40 Questions to Help Discern Factors Contributing to Depression

Last week, I was blessed to teach a two-hour seminar in our church’s discipleship counseling training center on the subject of depression. First, I shared my own personal experience with depression and anxiety, and then drew attention to the experiences of people in the Bible. Together, we noticed how they were tested, worked through their times of distress and despair, and how they reached out to the Lord for help. One student asked for a list of questions which might be helpful to ask the person who is struggling with depression. What a great question! Consequently, I reached out to our church’s team of counselors. Here’s what we came up with, but, as you will quickly realize, the questions are applicable to a multitude of struggles beyond depression.

  1. What do you mean when you say you are depressed?
  2. How long have you felt depressed?
  3. Have you ever felt like this before? If so, when?
  4. Why do you think you are depressed?
  5. Have you recently suffered loss in any form (E.g. death of a loved one, loss of employment, financial setback, decline in health)?
  6. Have you recently received bad news of some sort that you are having a hard time accepting?
  7. Is there a relationship with someone that is breaking down, disappointing you, or coming to an end? Are you under spiritual attack?
  8. What has changed in your life recently that might be making you feel depressed?
  9. When was the last time you had a complete physical check-up with your family physician?
  10. Are you currently receiving any form of treatment for depression?
  11. How often do you exercise? For how long?
  12. How do you think God fits into all of this?
  13. Has God been teaching you anything about yourself or your circumstances?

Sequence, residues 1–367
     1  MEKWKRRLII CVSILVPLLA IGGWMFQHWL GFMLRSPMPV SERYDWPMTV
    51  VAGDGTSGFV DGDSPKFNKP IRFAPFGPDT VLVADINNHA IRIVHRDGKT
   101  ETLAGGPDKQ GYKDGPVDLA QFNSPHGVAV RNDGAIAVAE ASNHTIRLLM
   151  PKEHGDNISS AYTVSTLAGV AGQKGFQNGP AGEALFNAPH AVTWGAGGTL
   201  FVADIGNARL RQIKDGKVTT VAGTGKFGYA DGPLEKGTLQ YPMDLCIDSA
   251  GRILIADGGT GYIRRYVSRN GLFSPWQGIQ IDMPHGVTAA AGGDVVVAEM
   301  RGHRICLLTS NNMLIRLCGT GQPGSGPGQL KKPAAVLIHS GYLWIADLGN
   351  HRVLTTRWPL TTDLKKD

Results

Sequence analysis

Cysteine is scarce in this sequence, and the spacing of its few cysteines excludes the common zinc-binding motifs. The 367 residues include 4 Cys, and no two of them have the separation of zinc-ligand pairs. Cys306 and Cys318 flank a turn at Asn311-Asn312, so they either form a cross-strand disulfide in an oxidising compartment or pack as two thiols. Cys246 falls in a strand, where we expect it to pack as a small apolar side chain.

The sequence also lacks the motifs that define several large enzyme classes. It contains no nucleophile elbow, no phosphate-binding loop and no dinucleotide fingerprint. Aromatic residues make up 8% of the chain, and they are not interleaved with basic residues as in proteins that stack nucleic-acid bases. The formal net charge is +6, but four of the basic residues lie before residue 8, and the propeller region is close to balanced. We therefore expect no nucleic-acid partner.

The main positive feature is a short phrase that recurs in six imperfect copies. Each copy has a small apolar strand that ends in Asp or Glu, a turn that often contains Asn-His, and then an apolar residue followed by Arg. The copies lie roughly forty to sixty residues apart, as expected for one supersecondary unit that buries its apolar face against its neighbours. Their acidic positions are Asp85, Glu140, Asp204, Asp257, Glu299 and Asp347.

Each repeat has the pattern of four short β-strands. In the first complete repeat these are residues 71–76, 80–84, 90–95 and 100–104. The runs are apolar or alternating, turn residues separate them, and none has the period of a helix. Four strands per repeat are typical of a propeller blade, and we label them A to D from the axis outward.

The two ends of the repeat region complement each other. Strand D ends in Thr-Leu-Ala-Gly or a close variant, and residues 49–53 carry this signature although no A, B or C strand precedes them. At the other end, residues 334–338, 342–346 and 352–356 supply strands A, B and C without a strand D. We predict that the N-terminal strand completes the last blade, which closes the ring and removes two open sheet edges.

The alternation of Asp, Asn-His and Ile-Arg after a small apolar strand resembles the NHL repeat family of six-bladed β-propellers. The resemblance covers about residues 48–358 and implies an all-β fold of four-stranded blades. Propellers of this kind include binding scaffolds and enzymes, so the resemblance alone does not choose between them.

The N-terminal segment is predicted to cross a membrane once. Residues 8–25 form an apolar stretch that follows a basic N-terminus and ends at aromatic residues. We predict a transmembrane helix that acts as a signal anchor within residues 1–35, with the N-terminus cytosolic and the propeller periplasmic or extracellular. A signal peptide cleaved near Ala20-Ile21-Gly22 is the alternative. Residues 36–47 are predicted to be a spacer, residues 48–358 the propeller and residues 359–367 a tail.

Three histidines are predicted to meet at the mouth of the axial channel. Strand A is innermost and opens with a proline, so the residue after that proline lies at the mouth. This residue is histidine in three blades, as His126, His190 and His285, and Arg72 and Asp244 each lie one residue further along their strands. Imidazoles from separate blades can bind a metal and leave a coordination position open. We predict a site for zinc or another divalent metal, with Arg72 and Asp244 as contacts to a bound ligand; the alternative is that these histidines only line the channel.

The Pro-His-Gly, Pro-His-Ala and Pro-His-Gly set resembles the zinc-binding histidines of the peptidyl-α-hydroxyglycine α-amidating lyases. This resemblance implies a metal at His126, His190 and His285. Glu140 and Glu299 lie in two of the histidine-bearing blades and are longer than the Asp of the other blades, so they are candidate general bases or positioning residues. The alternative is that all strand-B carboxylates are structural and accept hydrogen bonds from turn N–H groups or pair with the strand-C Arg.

14. What do you think God might want to teach you while you walk through this valley? How might He want to help your faith grow stronger?
  15. What have you done to try to deal with your depressed feelings?
  16. What have you done to try to deal with your difficult circumstances?
  17. What do you think would make things better?
  18. What are you thinking about when you awake first thing in the morning?
  19. Can you tell me anything that encouraged you recently from a sermon at church?
  20. What two words would you use to describe your prayer life?
  21. Is there any ongoing or unresolved conflict in your life? If so, have you done all that is in your power to resolve it?
  22. Sometimes depression is related to anger. Do you think you are perhaps angry at God for taking something or someone away from you?
  23. Often depression is a brother to anxiety. Is there anything in particular that you are worried about?
  24. Do you feel badly about something you did in the past, or something done to you?
  25. Is there anything you have done that is causing you to feel ashamed?
  26. What is one thing you really want to get out of life? Do you think you are currently getting this?
  27. Is there any person in your life whom you feel you will never be able to please?
  28. Is there anything or anyone you believe you could never live without?
  29. Are there habits you practice to make yourself feel better, but then realize later that it did not last? For example, do you eat in excess when you are depressed?
  30. What kind of music do you listen to? Does it encourage your soul? Does it direct your heart to hope in God?
  31. Are there unfinished tasks weighing on your mind? How do you spend your free time?
  32. Is there any area of your life where you are disobeying God? Is there sin you are cherishing or refusing to confess?
  33. Is your depression affecting you physically?
  34. How many hours a day do you sleep?
  35. Is there anything that keeps you awake at night?
  36. Do you have a trustworthy friend to talk openly with about the things that bother you?
  37. Do you read the Bible regularly? Is there a Bible verse that has recently encouraged you?
  38. Would you consider yourself a perfectionist? Is there a failed expectation you cannot accept?
  39. Are you over-committed? Have you over-extended yourself financially, at work, at church?
  40. Do you ever feel like a failure? Why? Is there a goal that you have failed to meet?

A foolish person jumps to conclusions before trying hard to understand a person’s situation. But Proverbs 20:5 teaches us the importance of seeking understanding: “The purpose in a man’s heart is like deep water, but a man of understanding will draw it out.” Remember, an accusation often hardens the will leading to resistance, but a question often stirs the heart leading to understanding.

*This and other resources have been combined with a walk through a portion of Psalm 119 to create a study guide and workbook, Overcoming Depression: Help for Christians who Struggle. This workbook is designed for personal and small group use, as well as counseling homework.

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